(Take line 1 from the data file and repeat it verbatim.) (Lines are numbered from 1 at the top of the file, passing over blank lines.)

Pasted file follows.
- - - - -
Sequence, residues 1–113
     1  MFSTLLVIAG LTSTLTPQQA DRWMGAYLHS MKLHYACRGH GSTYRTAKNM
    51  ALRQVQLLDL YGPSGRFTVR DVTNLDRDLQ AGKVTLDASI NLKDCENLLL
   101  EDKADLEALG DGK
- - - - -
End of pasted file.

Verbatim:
Sequence, residues 1–113